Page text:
Biodiversity is an often-used word, but it was not yet a fully fleshed out idea, said Dr. David Zeigler, a biology professor at The University of North Carolina at Pembroke.
Dr. Zeigler’s new book “Understanding Biodiversity” (2007; Praeger Publishers; Westport, Conn.) is dedicated to shedding light on an important scientific concept.
“Everyone should invest some effort toward understanding the awesome diversity of life on earth,” he wrote. “Only then can we know how special this world actually is, how valuable it is, and how worthy of our awe and protection it is.”
Dr. Zeigler’s first book, “Essentials of Science,” was published in 2000 and concerns the basic nature of science. His second book offers a roadmap on the quest for discovery and understanding of the nature of the diversity of life on the planet.
Three years in the writing, Dr. Zeigler said “Understanding Biodiversity” is for scientists and layman alike.
“I admire scientists who can write for the general public, and I hope the book is accessible,” he said.
The book proposes a more comprehensive definition of biodiversity.
“I’ve read many books on biodiversity, and they never gave me a feel for what biodiversity is - just two or three aspects of it,” he said. “There are multiple aspects that define biodiversity, and I tried to lay the groundwork to more fully explain what it is.”
Traditionally, biodiversity is defined by three aspects – species, genetic and ecosystem diversity, Dr. Zeigler said. He pushes the definition further.
“The objective of this book is to make a case for, and elaborate on, this idea of multiple levels, scales and parameters within and along which diversity can and does exist,” he wrote in the first chapter.
The book draws out the forces that propel the diversity of life with chapters on evolutionary, genetic, reproductive, morphological, temporal, metabolic, life cycle, sensory, behavioral and cultural diversity among others.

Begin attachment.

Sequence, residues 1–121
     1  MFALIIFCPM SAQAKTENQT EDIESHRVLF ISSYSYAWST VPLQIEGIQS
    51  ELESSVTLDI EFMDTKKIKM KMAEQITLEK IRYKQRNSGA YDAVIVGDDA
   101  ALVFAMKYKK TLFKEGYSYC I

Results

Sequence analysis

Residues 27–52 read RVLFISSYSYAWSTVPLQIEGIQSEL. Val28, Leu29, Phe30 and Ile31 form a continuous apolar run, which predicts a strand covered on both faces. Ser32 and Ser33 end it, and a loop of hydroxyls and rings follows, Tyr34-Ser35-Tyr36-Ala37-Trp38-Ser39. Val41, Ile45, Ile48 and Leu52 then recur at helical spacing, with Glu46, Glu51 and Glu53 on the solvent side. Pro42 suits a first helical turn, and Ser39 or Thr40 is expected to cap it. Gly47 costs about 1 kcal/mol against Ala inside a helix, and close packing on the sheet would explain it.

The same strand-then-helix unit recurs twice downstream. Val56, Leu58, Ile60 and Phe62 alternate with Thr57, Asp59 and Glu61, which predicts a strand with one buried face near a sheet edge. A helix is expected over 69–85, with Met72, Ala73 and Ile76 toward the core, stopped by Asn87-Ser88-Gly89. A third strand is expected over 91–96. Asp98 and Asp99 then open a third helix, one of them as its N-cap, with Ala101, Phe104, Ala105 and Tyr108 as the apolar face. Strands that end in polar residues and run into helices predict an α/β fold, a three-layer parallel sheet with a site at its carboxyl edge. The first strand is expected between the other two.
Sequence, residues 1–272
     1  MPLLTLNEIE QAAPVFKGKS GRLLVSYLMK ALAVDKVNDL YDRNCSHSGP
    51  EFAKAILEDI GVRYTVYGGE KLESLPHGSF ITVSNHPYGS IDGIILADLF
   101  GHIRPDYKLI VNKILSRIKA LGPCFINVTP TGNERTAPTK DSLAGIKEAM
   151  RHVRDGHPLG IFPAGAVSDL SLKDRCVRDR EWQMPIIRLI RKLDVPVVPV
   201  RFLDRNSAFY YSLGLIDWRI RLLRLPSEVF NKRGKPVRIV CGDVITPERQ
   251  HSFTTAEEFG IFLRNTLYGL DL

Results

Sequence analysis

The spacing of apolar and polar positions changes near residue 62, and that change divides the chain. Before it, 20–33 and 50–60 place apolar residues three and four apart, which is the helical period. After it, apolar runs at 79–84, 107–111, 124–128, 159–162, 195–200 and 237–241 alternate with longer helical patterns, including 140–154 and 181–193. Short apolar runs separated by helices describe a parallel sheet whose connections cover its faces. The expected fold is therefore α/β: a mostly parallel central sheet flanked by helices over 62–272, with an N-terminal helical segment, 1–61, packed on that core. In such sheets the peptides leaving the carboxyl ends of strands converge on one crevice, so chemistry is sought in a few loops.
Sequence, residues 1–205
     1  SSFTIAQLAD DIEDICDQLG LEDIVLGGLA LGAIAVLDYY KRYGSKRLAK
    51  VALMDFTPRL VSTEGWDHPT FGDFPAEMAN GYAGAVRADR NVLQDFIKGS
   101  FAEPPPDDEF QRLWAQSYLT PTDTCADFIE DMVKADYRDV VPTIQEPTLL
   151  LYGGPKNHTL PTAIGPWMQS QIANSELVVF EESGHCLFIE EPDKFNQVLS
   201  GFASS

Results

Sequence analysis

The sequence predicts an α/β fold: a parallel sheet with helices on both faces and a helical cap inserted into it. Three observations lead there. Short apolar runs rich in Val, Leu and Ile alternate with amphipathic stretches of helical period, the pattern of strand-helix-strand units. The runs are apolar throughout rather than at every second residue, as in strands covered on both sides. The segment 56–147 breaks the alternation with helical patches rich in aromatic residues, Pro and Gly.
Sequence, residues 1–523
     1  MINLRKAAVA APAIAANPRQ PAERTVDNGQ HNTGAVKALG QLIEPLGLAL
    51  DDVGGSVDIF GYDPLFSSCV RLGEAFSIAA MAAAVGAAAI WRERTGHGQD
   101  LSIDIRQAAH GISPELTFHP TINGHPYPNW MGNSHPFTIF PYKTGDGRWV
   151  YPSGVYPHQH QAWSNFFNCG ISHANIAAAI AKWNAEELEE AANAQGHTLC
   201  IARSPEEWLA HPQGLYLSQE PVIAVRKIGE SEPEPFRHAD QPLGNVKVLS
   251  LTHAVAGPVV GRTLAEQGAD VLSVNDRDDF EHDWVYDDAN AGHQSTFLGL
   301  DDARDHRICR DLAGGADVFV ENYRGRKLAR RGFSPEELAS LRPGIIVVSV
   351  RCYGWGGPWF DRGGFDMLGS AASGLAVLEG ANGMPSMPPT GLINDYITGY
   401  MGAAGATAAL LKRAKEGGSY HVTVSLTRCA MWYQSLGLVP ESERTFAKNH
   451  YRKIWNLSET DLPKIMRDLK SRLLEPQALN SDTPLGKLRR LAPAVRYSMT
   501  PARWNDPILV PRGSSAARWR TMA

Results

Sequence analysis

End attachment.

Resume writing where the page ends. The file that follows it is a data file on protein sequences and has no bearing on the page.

Looking closer at a set of issues introduced in a chapter on behavioral and cultural diversity, Dr. Zeigler opens with this thought: “Organisms are not just material structures with distinct morphologies, they are also what they do.”
Behavior, the UNCP scientist agues, is derived from genetic and environmental processes, and it is diverse among and between the sexes, age groups, learning experiences and much more.
“In short, behavior is diverse,” he said. “Behavior is so diverse that it is not easily grouped and categorized into any obvious descriptive framework.
“Behavior is certainly an obvious part of the total organism in some groups, and it is often more diverse, and sometimes less diverse, than the diversity of species within the group under consideration,” he said.
Behavior presents “another interesting and valid parameter of biodiversity,” he concluded.
The final chapter takes the reader to yet another level. In the chapter “Biodiversity and Values,” Dr. Zeigler asks a question central to his enterprise: “.. just how widely known and appreciated are these important facts concerning the importance and decline of biodiversity?”
Unhappily, the author finds the answer is evident in the decline of our planet’s environment and diversity of life. Because man is the only life form that can eradicate other life forms, he is also capable of reversing course. Education is Dr. Zeigler’s antidote, and his new book would benefit almost any reader.
“There is clearly not enough exposure of biodiversity issues in modern society,” he said. “If we possess this wonderful and enriching ability to value the whole of earthly life, should we not be developing it to the fullest?”
“The more we can comprehend of biodiversity, the more we may appreciate it, stand in awe of , and value it for what it is, rather than for what it can do for us,” he writes in the concluding chapter.
Dr. Zeigler’s book earned praise from colleagues.
“I recommend it for life scientists and educated lay persons alike,” said Dr. Len Holmes, a UNCP chemistry professor. “It is for persons interested in our planet, and biodiversity is something we should all have a better understanding of.
Dr. Bruce Ezell, a UNCP biology professor, said Dr. Zeigler “is truly a ‘professor’s professor.’”
“I admire David Zeigler for many reasons, his scholarship, his love of teaching and his commitment to continued learning,” Dr. Ezell said.
Dr. Zeigler lists scientific interest in animal behavior, invertebrate zoology, evolution, biodiversity, parasitology, neurobiology, the biological nature of consciousness, and the basic nature of science. He joined UNCP’s faculty in 1989 and has taught a long list of courses including introductory biology, marine biology, zoology, parisitology and evolution.
“I am extremely fortunate to have taught every biology course I ever wanted to teach,” he said. “I credit my job with allowing me to do this.”